Tuesday, March 24, 2015

Questions about Class: the Cavalier

Image taken from www.deviantart.com and by biotechbob

Welcome back readers! Here is another entry in our Questions about Class series, this time focusing on the Cavalier. As you may (or may not) know, Flying Pincushion Games is about to released its next book, Into the Breach: The Cavalier.  So we thought it was a good time that I, Kiel Howell, sit down with fellow Pincushioneer Jeffery Harris to talk about the class.

KH: First of all, thank you for taking the time to sit down and answer these questions!

JH: My pleasure Kiel, thank you for taking the time to lay down some excellent questions about the cavalier class!

KH: Can you give the readers a little about yourself and your role at The Flying Pincushion?

JH: Well sure, I am of course Jeff Harris, co-owner, CFO, sometimes editor and lead designer here at The Flying Pincushion.  I have been gaming for more than 24 years, but have only been in the industry officially for about two and a half years.  I am married to a lovely wife and live in a house with as many cats as there are core classes.

KH: So what exactly is a cavalier? Isn’t it just a Paladin on a horse? Minus the curatives?

JH: For those who are not aware, the word cavalier in our real world actually means: Cavalier (/ˌkævəˈlɪər/) was the name used by Parliamentarians for a supporter of King Charles I and his son Charles II during the English Civil War, the Interregnum, and the Restoration (1642 – c. 1679). Cavaliers were also known as Royalists.

But for our discussion purposes here, the cavalier is much more than just a magicless paladin with looser ethics.  To me a cavalier in Pathfinder is something of the quintessential hero, or villain.  Charging, challenging, holding the front line, or bolstering allies with tactics, are all things that great heroes and villains do in fantasy literature, and the cavalier does on the battle matt.  While paladins gain power from divine sources, a cavalier draws inspiration and power from dedicating themselves to an ideal, except that ideal need not be honorable or goodly.  In short cavaliers gain their power by belief in the tenants of their Order.

KH: Why does this stand as a whole class to you? Would it have been better as an archetype of the Fighter?

JH: The cavalier is to me a very different animal from the fighter.  Fighters are martial characters, just like cavaliers, but the main difference to me comes back to motivation.  Fighters can certainly have a number of motivations for fighting, but there is no inherent code or motivating factor built into the class, players usually decide why their fighter fights.  A cavalier however comes with a built in ethical and moral compass, which a fighter does not.  Because of the edicts of conduct attached to each order, cavaliers automatically come with some type of ethical motivation, be it personal glory for the Order of the Cockatrice, all the way to defending the common people as with the Order of the Land.  Basically cavaliers take the great role play and ethical/moral aspect of paladins, add all the shades of gray that lie between black and white, and put the end result on a war mount and say “once more unto the breach!”

KH: What is a class that is so dependant on a mount supposed to do when they can’t have their mount?

JH: That is a great question Kiel, as just such an issue often arises for those playing a cavalier in dungeon or narrow terrain heavy games.  The Flying Pincushion deals with this issue in the forthcoming Into the Breach: the Cavalier by providing cavalier archetypes that trade out or alter the mount class feature.  For instance one of our new archetypes trades your mount for an animal companion that you cannot ride, but who makes an excellent combat partner, while another trades your normal horse for a ghostly one, which narrow walls bother not a bit.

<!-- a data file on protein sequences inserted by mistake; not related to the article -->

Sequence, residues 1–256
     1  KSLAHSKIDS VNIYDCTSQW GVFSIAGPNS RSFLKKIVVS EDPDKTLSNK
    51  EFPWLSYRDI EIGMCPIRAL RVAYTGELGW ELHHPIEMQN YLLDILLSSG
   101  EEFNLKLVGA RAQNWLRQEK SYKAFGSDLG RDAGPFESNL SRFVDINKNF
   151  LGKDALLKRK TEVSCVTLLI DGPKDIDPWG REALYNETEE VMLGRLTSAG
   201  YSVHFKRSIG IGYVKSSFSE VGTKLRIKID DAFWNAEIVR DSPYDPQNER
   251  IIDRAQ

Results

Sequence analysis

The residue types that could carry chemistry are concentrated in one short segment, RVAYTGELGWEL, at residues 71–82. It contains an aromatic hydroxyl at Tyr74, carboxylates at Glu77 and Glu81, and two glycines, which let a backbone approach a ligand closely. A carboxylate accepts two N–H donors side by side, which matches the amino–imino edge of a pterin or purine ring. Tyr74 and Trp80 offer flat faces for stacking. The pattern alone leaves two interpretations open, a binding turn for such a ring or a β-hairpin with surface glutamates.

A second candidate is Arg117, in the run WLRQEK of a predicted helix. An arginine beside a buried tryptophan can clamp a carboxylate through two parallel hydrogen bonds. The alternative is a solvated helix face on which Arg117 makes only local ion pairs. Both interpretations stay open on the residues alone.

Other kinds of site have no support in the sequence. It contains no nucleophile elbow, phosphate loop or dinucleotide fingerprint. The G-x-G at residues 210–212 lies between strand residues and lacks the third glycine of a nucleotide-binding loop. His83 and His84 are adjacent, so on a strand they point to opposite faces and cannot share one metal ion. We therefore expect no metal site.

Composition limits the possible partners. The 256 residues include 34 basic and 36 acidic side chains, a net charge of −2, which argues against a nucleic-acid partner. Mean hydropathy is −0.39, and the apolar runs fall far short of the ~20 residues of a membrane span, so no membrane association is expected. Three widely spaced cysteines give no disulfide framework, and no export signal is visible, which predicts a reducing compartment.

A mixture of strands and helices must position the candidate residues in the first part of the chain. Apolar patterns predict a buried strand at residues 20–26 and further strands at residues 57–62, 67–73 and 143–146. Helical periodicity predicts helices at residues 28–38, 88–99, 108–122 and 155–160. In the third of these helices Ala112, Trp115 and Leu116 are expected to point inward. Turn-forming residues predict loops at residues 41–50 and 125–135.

However, that answer does not address all of the cavaliers who have a large sized horse or mount, but really want to get into that narrow dungeon.  I suspect this is where clever thinking or a little help from your parties wizard comes in handy here.  A quick casting of carry companion or similar magic can help keep your mount with the party.  Also small sized cavaliers on medium sized mounts are not only interesting to play, but work just fine in most dungeons, I highly recommend trying one out, I happen to know from personal game experience that they can be very fun.

KH: Can you explain Cavalier Orders a bit?

JH: The best way to think of a cavalier Order is as an ethical or moral stance from which all cavaliers of that order work.  They may do things a little differently from person to person, but their strong belief in the tenants of their order make cavaliers what they are and influence how the character interacts with the game world.  

KH: This class seems to suffer from what I’ll call GM arbitration issues. As in, judging when a cavalier character is keeping to his Order’s edicts. Yet there are no rules for “fallen” cavaliers. What do you think?

JH:  On one side, this open area is role play opportunity and wiggle room for the player, but for GM’s it boils down to a judgement call.  If I were GMing a player whose cavalier has very clearly and often violated their Orders edicts, I would have that player lose their Order abilities until he or she undertook making reparations or returns to following more closely the edicts of their Order.  Falling further out of line with ones edicts could well also cause an alignment change or invoke the wrath of that Order, again, it falls to the GM to deal with such an issue as they deem appropriate.  However it does pay to remember that cavaliers are not paladins, and as such likely do not need a “fallen” template.  Also, if a player cannot or does not follow the edicts of their current Order, the GM and player may well just want to sit down and perhaps find an Order whose edicts are more in line with the players style.  This is a spot where communication is likely key to keeping the game fun for all while keeping with the spirit of the cavalier’s Orders.